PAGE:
This week The Hero Network welcomed three ‘Transition Year” students, Anna, Annie and Katelyn, to our weekly meeting on the University of Limerick (UL) campus. All three students attend the Sacred Heart Secondary School in Clonakilty, Co. Cork and recently contacted members of The Hero Network in relation to their application to the BT Young Scientist and Technology competition and exhibition. Their proposed research project will examine whether thinking about and learning about heroes can increase empathy levels in young people, which may, in turn, increase the likelihood of intervening in bullying situations. The problem with many “anti-bullying programmes” is that attendees do not believe that they are bullies and therefore, often think the information does not apply to them. Encouraging heroic virtues such as empathy and courage may offer a creative alternative path to reducing bullying in schools.
We have been extremely impressed by the motivation, initiative, and creative thinking demonstrated by Anna, Annie and Katelyn. We were also delighted that they were willing to come to UL and meet with staff, postgraduate and undergraduate students, and discuss their exciting research ideas. Here is a short blog post, written by Anna, Annie, and Katelyn about their trip to UL! We wish them every success with their application to the BT Young Scientist and Technology exhibition.
Our Trip to UL
At 6.50, we sprang from our beds. NOT! Twenty minutes later we drove off, still half asleep. We arrived in Mallow at 8.45, fifteen minutes early for the bus. The fear of missing the bus prompted this unusual behaviour! The bus arrived and we paid and got on.
After a quick rest on the bus, we arrived in Limerick at 10.10. We still had almost an hour until our meeting but we were new to Limerick city and we didn’t know our way around. We caught another bus from there to UL. We were amazed when we saw the university for the first time. It was huge, with students coming from every direction. Compared to our small school where everyone fashions the same red jumper and tartan skirt, this place was filled with colour and vibrancy.
We arrived at UL with ten minutes to spare but we had no clue where we were going. Thanks to the help or many students and the receptionist, we found the room while being on time. We were introduced to the small group which consisted of Dr Eric Igou, Dr Elaine Kinsella, Chloe Carrick (research intern, Co-Operative Placement Scheme), Kev O’Malley (PhD researcher) Rob Crowley (PhD student), Michelle Hess (research intern, Erasmus Programme) and Aoife Whiston (recent graduate, new PhD student). We were all quite nervous but we were made feel at ease straight away. Even though we weren’t able to answer everything, we felt like it went well. We were given a lot of guidance and help from the group and they gave us alternative ways of carrying out/ improving our project. The meeting lasted about an hour.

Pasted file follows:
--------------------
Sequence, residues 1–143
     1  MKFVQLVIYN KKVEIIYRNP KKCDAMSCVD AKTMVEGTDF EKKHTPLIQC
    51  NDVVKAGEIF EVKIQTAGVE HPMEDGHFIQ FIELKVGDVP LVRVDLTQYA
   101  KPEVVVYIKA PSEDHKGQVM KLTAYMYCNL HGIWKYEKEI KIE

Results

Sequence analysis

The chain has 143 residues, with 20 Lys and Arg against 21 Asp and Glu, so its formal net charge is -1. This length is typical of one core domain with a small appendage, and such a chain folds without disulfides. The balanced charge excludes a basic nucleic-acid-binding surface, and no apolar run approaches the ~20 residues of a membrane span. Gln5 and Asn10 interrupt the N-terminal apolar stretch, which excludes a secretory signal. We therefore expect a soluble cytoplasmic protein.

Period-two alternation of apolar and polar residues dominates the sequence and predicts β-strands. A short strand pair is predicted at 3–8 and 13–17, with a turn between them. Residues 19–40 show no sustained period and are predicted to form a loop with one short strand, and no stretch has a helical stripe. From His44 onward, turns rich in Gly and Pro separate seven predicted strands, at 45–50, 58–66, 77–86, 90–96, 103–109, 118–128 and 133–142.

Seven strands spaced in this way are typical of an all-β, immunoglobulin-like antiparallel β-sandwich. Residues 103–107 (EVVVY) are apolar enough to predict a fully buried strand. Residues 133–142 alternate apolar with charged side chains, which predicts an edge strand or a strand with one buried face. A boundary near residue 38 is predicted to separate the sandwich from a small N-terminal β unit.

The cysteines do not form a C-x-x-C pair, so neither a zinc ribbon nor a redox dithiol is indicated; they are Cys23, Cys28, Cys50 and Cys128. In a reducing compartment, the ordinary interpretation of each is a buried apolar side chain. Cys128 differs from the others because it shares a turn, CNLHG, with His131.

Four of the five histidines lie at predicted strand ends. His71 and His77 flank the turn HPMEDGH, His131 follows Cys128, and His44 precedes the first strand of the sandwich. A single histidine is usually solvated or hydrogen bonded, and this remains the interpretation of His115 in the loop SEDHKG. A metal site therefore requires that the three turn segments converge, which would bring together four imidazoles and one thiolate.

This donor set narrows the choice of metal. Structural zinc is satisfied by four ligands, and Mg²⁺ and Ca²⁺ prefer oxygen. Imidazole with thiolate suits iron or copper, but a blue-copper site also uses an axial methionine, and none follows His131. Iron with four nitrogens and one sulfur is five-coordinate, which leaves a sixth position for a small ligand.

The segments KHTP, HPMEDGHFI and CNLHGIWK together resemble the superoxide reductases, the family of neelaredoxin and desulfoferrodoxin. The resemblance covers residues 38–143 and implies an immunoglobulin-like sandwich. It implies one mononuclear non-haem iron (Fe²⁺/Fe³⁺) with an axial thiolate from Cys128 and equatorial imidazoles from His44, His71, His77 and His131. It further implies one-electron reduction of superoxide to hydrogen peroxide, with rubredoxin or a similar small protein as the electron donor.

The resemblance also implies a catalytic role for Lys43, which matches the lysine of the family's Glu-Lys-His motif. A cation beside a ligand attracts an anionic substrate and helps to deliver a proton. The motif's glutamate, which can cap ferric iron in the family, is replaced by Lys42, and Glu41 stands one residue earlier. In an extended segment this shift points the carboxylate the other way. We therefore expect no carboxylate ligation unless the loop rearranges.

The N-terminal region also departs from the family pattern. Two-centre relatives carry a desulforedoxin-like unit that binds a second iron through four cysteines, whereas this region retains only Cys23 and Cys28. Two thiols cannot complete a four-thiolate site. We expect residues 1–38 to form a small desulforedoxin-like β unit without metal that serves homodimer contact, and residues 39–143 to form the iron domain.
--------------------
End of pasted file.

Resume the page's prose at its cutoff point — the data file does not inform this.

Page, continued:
After that, Dr Kinsella gave us a quick tour around the building. She introduced us to some of her colleagues. Kev then brought us to the area around the library where he gave us software to use when doing the statistics and downloaded papers for us to read for our project. He then helped us find the bus stop. Thank goodness for that as we would definitely have gotten lost otherwise!
Miraculously, we didn’t miss any buses! Compared to our last bus journey, where we missed the bus up and almost missed the second bus, this was a major success. We arrived home at six, almost twelve hours later. We were tired but we felt like we had gained a lot of insight on how to carry out our project. We are very grateful to all the people who we spoke and for all the help they gave us. We really appreciated it. We had a great day out!
By Anna Flynn, Annie Condon, and Katelyn Dinneen, Transition Year Students of the Sacred Heart Secondary School in Clonakilty, Co. Cork, Ireland
*Note: Student and parental consent were provided before posting this content and associated image. Photography credit to Kev O’Malley!